The original role was to evaluate their third party service providers, so doing a bit of an RFP type of thing which meant working with a range of departments, including legal, procurement and the evaluating team. Much of the work concerned business relationships and improving the perception of IT across this pretty traditional accountancy firm. I also prepared his budget and business plan, in addition to improving the IT financial management (my background involves accountancy).”
What do you think a modern Programme Director should look like?
“They need to be flexible, adaptive and collaborative. They need to retain a clear vision when directing a programme in order to maintain impetus and alignment between what the business wants, and what the programme and technology can provide.
Making sure that the employees know what is their remit is paramount, irrespective of the approach being taken to deliver the programme. Of course it’s a given to have great communication, and the ability to give feedback and take the correct actions.”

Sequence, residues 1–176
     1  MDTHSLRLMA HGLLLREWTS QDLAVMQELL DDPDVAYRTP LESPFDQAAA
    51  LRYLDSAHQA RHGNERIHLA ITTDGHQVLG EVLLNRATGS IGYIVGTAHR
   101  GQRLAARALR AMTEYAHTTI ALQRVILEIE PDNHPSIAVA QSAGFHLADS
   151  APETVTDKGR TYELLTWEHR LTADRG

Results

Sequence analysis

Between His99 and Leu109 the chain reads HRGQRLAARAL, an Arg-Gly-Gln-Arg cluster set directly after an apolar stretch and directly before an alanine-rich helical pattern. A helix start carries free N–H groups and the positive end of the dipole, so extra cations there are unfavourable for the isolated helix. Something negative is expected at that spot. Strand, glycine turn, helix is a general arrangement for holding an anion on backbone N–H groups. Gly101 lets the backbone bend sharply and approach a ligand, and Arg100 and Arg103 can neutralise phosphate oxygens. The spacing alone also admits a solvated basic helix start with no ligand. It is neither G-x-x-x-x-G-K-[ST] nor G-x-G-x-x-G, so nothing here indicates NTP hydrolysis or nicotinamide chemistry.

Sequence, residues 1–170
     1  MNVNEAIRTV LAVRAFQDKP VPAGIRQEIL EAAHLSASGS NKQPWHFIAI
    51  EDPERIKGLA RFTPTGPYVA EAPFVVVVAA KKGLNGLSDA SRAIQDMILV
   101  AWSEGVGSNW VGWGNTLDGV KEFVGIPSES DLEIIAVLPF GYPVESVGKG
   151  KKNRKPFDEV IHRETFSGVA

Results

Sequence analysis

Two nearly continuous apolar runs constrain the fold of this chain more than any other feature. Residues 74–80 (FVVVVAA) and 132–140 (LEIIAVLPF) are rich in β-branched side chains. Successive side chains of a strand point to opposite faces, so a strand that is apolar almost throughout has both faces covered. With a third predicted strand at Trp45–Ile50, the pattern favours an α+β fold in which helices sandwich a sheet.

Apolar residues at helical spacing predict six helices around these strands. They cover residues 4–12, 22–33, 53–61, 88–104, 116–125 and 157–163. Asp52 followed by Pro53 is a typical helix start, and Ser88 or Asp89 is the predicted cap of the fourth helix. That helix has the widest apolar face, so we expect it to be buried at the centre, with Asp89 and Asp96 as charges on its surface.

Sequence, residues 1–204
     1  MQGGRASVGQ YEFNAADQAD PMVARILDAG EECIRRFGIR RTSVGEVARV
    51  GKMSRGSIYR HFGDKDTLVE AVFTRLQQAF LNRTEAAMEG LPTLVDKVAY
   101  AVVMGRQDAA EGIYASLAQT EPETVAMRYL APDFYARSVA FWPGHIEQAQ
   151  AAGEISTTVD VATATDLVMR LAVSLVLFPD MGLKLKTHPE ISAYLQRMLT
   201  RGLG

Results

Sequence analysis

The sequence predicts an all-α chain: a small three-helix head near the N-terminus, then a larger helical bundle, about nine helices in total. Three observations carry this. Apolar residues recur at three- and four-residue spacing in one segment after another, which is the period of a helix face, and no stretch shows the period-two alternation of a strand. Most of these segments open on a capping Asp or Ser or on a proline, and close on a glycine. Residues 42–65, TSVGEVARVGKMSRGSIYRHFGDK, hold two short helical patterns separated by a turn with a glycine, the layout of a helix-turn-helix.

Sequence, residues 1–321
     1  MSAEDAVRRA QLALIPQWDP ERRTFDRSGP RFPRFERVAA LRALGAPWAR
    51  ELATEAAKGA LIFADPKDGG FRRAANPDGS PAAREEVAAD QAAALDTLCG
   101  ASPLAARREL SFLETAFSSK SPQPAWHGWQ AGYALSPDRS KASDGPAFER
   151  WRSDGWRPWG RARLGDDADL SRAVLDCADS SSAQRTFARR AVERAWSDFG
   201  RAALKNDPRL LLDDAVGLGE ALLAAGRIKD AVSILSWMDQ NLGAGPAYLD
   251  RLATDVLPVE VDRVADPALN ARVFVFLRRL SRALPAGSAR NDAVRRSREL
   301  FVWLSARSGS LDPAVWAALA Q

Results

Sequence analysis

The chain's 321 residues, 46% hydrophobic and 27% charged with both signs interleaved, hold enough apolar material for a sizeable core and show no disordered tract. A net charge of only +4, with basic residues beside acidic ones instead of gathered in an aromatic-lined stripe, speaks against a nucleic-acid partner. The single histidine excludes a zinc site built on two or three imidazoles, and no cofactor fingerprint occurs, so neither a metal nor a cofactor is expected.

What are the key challenges that they face?
“Organisations and their needs are changing at an ever-increasing rate so defining and sticking to a programme takes some doing, hence the need to be flexible, adaptive and collaborative.
Getting the right people in the right places is key to success and pretty difficult at times, so surrounding yourself with the best that the market has is crucial.”
How is your role evolving as technology continues to advance?
“Over the years my role has evolved through various sectors, including engineering, finance, technology and business change, to now being a programme director, advisor, mentor and coach.
Technology has always played a part and will continue to do so, as it carries on advancing and expanding. It will become an even more significant element. Making sure we have the appropriate technology balanced with the people aspect is crucial in order to make a successful programme.”
How does working as an Interim compare to being a permanent employee? What are the real key benefits?
“I’ve worked as a Finance Director, Business Partner, Programme Director and Management Consultant as an employee for many years before working as Interim. The major benefits are twofold: for the client and for me.
Firstly, the client gets a dedicated, focused, outcome-based and enthusiastic person who wants to get on and succeed in delivering the objective/task/piece of work.